- Regulation = Power, control and influence over the people by and for a select few
$27,500 for the Tesla Model 3 (with $7,500 tax credit).
This inviting price point will attract car buyers in the 5-Star safety rated, 5-seat sedan in the $25K-$35K market, which will directly challenge car models from household names Toyota and Honda and even Lexus, Mercedes and Audi. If the Model 3 is successful and proves to have a reliable re-charging infrastructure and if (the recommended) nightly charging pattern for the 215-mile battery range like your smartphone results in a future worth the investment, then the conversation to join the names Elon Musk and Henry Ford in the same sentence in history books will begin.
People, once again, have an opportunity to change the world by buying a car.
Tesla Motors is a prime example of dreaming big, showcasing the power of the individual, American ingenuity and supplying a demand that could very well revolutionize cars, the transportation grid and solving a problem with carbon emissions in the environment with a positive, captivating solution that’s generating a magnetic appeal to its products and brand.
The Model 3’s engine may be nearly silent, but it still sounds like a revolution…
America’s Lady in Red is back with her Ronnie.
Nancy Reagan passed away yesterday at the towering age of 94.
First Lady Nancy Reagan was just that in so many ways. People first looked to Mrs. Reagan as a personification of grace, intelligence, class and style. She was a one-of-a-kind First Lady of the United States of America. Nancy Reagan will be remembered for her love and devotion to her husband, the conservative cause and for epitomizing what the First Lady should exemplify. Far too often we are forced to look to movies for showcasing the best of a modern American president and first family (Independence Day, Air Force One), but Nancy and Ronald Reagan (former actors themselves) turned that perception into a lasting reality.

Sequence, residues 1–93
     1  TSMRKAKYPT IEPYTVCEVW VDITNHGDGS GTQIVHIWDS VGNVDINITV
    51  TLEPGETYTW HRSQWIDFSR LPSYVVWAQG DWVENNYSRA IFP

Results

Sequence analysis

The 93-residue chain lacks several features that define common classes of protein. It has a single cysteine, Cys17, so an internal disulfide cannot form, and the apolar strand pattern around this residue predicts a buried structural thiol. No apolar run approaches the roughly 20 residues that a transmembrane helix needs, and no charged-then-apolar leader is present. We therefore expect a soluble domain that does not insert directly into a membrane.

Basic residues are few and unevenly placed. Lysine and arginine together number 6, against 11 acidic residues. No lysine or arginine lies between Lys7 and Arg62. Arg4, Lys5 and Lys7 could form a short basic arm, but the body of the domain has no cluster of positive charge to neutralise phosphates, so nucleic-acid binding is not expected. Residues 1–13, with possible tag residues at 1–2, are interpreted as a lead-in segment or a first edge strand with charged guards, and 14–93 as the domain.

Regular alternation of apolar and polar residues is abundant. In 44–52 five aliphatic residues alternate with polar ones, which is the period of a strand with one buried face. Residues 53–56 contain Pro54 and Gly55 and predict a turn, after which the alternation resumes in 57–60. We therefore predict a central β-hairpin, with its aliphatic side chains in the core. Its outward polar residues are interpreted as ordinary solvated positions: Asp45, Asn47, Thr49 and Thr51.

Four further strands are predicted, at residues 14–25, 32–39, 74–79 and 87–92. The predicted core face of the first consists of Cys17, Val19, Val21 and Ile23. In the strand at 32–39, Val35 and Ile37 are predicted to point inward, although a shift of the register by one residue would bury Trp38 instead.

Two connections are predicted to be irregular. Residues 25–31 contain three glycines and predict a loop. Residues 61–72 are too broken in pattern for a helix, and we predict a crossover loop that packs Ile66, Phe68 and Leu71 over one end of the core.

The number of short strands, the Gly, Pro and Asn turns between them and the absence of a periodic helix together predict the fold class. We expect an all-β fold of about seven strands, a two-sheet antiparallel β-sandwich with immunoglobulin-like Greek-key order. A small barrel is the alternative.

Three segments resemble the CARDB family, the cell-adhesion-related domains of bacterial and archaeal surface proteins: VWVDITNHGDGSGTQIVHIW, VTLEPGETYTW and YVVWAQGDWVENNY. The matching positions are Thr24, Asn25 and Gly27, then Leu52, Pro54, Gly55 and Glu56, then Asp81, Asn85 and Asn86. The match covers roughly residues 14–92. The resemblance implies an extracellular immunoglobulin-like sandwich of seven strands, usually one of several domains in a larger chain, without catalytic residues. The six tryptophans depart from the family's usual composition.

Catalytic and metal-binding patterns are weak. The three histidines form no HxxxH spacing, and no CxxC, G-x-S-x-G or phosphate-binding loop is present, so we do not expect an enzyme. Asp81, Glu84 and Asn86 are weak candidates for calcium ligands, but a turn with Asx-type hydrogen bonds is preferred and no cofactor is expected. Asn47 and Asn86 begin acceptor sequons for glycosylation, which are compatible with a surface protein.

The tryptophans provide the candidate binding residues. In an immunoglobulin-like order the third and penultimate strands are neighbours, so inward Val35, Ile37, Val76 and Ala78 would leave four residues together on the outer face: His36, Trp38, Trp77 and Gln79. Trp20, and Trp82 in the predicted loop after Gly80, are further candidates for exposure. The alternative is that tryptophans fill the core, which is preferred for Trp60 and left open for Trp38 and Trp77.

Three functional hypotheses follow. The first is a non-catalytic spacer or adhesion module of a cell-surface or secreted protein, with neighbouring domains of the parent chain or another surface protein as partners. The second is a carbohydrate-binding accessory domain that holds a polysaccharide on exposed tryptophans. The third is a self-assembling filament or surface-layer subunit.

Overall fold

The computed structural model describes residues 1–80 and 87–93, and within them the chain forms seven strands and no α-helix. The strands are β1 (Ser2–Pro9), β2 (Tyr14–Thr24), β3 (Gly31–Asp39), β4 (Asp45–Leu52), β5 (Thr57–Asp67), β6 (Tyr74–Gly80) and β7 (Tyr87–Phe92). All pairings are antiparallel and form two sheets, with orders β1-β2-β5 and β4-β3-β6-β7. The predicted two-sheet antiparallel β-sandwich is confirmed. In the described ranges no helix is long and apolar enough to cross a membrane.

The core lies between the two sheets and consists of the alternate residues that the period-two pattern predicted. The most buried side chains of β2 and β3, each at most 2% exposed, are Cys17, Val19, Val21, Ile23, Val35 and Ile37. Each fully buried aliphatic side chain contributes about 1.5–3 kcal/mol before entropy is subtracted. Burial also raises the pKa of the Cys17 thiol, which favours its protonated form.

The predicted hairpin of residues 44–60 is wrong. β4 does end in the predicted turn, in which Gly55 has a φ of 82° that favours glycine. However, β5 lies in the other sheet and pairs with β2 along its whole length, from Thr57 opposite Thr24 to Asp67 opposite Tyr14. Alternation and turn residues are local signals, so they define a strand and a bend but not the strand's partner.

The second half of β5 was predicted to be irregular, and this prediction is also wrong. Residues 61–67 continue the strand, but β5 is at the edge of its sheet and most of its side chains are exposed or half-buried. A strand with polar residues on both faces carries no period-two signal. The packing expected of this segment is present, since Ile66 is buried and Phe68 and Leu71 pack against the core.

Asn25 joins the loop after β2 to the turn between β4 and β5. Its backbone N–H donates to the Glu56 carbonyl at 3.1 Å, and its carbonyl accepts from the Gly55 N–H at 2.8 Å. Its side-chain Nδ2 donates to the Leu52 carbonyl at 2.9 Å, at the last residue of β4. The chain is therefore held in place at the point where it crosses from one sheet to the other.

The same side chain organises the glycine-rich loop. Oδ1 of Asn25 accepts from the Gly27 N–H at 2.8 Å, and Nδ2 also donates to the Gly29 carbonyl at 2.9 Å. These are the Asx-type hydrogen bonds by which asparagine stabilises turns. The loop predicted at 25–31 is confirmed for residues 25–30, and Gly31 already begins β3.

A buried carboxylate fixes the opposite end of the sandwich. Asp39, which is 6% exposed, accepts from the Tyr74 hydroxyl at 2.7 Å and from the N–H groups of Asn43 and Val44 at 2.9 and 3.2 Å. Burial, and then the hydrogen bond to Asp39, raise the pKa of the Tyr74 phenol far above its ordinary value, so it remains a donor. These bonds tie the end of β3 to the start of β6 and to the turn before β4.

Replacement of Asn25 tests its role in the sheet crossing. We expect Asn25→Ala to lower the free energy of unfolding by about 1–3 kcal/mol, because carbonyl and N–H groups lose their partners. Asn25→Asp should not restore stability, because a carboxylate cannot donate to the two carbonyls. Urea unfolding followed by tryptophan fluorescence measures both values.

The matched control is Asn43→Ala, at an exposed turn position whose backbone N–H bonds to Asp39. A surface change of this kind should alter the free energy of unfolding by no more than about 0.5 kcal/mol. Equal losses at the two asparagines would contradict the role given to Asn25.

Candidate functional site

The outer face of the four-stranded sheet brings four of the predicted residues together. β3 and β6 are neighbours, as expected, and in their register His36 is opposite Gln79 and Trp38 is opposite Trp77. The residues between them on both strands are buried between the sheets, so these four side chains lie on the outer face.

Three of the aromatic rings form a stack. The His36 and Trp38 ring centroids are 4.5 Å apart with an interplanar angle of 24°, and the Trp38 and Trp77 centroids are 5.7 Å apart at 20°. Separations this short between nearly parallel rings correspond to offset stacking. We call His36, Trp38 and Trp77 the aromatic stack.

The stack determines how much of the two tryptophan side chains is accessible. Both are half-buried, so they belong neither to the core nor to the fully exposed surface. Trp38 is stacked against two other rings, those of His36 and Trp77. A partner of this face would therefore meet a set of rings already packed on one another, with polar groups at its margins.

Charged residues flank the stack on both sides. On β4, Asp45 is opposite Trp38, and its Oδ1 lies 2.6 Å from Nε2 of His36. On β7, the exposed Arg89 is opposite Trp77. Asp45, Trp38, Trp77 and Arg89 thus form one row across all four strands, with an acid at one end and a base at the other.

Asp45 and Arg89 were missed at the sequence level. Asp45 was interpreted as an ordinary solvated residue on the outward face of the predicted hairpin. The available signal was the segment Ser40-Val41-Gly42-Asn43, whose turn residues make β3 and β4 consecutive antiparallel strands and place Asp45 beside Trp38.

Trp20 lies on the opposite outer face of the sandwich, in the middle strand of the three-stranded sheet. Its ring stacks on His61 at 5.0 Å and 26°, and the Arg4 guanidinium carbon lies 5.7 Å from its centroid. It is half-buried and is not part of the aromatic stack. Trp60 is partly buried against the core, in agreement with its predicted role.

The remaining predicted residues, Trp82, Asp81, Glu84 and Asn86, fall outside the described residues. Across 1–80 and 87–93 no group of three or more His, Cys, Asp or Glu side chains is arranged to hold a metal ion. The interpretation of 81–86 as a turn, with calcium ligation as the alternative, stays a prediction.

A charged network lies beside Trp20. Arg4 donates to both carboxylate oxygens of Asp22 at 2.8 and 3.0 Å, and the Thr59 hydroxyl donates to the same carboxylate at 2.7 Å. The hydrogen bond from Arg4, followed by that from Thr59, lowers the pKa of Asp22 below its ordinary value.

They were positive, optimistic role models for people (in and out of politics alike).
Nancy Reagan was surely shocked at the state of vulgarity, lack of civility and absence of optimism in the current race for president. Hopefully, this picture and many others of Nancy Reagan with her husband will send the exact right (and necessary) shock waves to voters of what a first family of the United States should personify.
Republicans loved and idolized her, but so did Americans of varying political stripes. Let’s hope (and pray) people’s memories of her and her husband from a more civilized era can be the wild card of this political season that reveals an inspiring third act, showing the best of who we are for moving into an uncertain future.
If the past 24 hours are any indication, Americans are just saying yes to Nancy Reagan’s loving, elegant legacy.
RIP Nancy Reagan.
Thankfully, not all college students are clueless PC zombies.
Students at the University of Kent (Canterbury, England) have submitted a proposal to honor the late (and great) Margaret Thatcher with a statue on their campus. If you need a quick refresher, there’s a video for that.
The NBC News article, “Margaret Thatcher Deserves 250-Foot Tall Statue, Backers Say” by Alexander Smith revealed the stunning details.
- 250-Feet Tall
- Made of iron (of course)
- The statue would rest atop a marble pedestal standing 50 feet
- Cost is ~$425 million
Margaret Thatcher was a bold leader of her generation, inspiring men and women in Europe, as well as her American friends across the pond. One of the reasons people admired her, beyond philosophy, was shown in the clip above. Prime Minister Thatcher could hang with anybody at anytime. Her insight, successes and legacy (for conservatism and for women) warrants a monument for the public to admire.
A statue that stands 250 feet tall? The final height may have to be negotiated. Regardless, the students appear to have a strong, determined resolve.
“This is not us having a joke — it is a serious proposal,” 20-year-old Emilio Kyprianou, chairman of the Conservative association and the project’s driving force, told NBC News on Tuesday. “This challenge is one that we are willing to accept, one we are unwilling to postpone, and one which we intend to win.”
An iron resolve, if you will.